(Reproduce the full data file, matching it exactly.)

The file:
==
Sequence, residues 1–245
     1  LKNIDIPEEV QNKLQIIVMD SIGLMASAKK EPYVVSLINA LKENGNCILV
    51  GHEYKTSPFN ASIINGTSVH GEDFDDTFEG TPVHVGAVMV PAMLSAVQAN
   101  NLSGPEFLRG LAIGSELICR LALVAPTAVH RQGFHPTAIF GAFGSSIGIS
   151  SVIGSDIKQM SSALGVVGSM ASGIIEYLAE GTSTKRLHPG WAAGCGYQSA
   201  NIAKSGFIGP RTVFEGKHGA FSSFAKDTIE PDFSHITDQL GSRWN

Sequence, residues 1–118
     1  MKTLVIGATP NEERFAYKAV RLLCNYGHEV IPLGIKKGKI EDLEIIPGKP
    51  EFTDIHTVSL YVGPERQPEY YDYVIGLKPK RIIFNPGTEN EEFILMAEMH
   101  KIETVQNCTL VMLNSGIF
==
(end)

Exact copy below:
Sequence, residues 1–245
     1  LKNIDIPEEV QNKLQIIVMD SIGLMASAKK EPYVVSLINA LKENGNCILV
    51  GHEYKTSPFN ASIINGTSVH GEDFDDTFEG TPVHVGAVMV PAMLSAVQAN
   101  NLSGPEFLRG LAIGSELICR LALVAPTAVH RQGFHPTAIF GAFGSSIGIS
   151  SVIGSDIKQM SSALGVVGSM ASGIIEYLAE GTSTKRLHPG WAAGCGYQSA
   201  NIAKSGFIGP RTVFEGKHGA FSSFAKDTIE PDFSHITDQL GSRWN

Sequence, residues 1–118
     1  MKTLVIGATP NEERFAYKAV RLLCNYGHEV IPLGIKKGKI EDLEIIPGKP
    51  EFTDIHTVSL YVGPERQPEY YDYVIGLKPK RIIFNPGTEN EEFILMAEMH
   101  KIETVQNCTL VMLNSGIF